During a selection trial at the Madhya Pradesh Cricket Association’s (MPCA) academy five years ago, former India batsman Amay Khurasia, the chief coach, picked a boy whom no selector was willing to give a second look due to his wayward bowling.
The credentials of Khurasia, the mainstay of MP’s batting for over a decade, were questioned as he fought for Avesh Khan. The only one chosen from among the 550 boys at the trials, Avesh vindicated the faith shown by Khurasia by becoming India’s pace spearhead at the under-19 World Cup in Bangladesh.
Avesh finished as India’s highest wicket-taker (12 wickets at an average of 15.08) in the tournament where the three-time champions lost to West Indies in the final on Sunday. Khurasia, who had come under fire then, is delighted that he spotted the talent through the boy’s ungainly bowling.
“He was 13 then, tall and skinny. Avesh bowled some 13-15 balls at the trials. The first six touched the leg-side mesh of the net. When I told him to concentrate on off-stump, his next few deliveries almost touched the off-side mesh of the net. But he was definitely a little quicker than the others and that caught my eye. When I pitched for him, my fellow selectors criticised me, but I stood firm and Avesh was the lone guy selected from among 550 probables,” says Khurasia.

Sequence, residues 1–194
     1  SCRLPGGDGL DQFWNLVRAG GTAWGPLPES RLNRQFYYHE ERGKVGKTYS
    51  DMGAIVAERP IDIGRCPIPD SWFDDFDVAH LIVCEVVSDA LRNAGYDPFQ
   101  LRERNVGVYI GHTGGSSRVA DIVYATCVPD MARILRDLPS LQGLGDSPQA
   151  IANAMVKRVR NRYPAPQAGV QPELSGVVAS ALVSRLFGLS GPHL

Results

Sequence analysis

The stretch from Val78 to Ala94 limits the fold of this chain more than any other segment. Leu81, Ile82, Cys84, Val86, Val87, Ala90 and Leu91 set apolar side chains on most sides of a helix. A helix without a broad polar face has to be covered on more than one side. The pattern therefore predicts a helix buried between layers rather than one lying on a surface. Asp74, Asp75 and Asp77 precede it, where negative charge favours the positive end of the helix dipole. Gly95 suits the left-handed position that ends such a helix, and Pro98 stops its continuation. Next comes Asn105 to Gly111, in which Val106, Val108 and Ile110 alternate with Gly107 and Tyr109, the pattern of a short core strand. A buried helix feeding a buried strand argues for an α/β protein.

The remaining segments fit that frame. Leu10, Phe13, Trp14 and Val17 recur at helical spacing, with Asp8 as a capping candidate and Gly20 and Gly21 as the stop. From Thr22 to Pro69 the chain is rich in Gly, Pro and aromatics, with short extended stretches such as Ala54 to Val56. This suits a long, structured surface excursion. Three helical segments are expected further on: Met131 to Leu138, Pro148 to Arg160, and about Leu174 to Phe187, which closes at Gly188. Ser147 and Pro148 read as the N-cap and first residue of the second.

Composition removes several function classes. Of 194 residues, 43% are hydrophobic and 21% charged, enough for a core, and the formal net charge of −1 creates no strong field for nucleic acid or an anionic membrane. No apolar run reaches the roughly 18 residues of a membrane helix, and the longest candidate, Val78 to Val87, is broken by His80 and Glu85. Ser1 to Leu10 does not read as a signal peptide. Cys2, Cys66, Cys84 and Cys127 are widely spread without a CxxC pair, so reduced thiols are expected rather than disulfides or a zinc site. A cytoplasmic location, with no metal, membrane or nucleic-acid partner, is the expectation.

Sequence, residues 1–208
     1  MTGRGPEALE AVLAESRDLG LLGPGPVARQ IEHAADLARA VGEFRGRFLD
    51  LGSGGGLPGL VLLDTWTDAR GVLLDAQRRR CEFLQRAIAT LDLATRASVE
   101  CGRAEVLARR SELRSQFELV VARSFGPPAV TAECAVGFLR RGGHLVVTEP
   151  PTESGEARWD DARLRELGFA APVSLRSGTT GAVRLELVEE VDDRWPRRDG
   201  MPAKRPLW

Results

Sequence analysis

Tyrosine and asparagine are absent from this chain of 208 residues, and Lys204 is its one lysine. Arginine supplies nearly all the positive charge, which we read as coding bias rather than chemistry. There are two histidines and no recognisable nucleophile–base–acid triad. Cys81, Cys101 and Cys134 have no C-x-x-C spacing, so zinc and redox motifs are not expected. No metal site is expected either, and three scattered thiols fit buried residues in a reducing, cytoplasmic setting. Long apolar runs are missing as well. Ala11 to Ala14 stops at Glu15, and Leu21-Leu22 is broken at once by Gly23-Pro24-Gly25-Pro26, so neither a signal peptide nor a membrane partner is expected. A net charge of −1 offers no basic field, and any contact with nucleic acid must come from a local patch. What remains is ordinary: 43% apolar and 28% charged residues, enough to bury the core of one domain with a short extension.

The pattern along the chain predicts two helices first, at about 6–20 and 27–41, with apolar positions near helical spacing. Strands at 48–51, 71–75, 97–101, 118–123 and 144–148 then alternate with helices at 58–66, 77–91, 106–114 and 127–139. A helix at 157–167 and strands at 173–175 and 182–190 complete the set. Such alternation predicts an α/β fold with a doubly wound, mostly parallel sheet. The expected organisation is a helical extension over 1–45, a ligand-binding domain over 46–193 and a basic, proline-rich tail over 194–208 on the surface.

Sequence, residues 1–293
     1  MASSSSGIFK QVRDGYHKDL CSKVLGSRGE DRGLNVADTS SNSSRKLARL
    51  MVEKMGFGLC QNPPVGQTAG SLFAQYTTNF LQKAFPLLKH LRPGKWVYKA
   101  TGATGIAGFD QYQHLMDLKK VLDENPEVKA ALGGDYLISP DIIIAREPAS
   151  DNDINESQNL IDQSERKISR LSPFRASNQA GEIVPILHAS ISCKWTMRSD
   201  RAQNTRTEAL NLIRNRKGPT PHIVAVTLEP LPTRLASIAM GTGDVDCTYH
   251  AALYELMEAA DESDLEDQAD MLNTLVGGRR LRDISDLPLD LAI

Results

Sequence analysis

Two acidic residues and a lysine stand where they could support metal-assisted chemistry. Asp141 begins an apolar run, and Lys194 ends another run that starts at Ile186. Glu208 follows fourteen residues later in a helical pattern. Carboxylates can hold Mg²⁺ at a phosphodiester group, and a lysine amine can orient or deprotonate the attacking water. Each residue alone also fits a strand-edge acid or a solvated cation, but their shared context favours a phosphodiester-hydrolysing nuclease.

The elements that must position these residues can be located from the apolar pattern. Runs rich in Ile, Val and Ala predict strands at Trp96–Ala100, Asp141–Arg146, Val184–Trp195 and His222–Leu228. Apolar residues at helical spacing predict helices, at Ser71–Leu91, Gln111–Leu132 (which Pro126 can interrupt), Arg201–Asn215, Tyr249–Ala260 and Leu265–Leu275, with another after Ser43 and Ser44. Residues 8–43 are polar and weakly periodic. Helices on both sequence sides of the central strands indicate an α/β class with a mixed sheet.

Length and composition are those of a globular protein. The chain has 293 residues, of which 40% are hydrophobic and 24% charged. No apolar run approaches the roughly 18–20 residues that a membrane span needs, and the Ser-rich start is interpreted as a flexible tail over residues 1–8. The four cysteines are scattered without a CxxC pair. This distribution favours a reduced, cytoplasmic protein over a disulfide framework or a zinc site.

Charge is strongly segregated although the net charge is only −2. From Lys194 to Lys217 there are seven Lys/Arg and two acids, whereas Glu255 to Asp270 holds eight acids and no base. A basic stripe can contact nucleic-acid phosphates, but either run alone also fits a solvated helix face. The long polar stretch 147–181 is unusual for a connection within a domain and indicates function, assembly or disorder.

“It was a statistic trial but it turned out to be an eye trial in which Avesh got lucky. Thankfully, the MPCA had given me a free hand to do what I wanted.”
That Avesh shouldered the responsibility of leading the bowling in the U-19 World Cup does not surprise Khurasia, who says he always had the courage to play the leader. “Once he began showing his talent, he always had the attitude to lead from the front. Even in Ranji Trophy, he is more or less our bowling captain who likes to fight it out. That is something which has made him stand out in the World Cup. But this is just the start. I’d like to see him go further in his career.”
Although his height and strength allow Avesh to hit the deck, Khurasia’s constant advice has been to pitch it up. “At this level, he is touching speeds of 130-140 kph, and batsmen rarely react to that pace. I want to see how he bowls when he gets thrashed from that line. That is why I tell him to pitch a little up as any ball that rises from slightly ahead of good length will be very difficult to play.”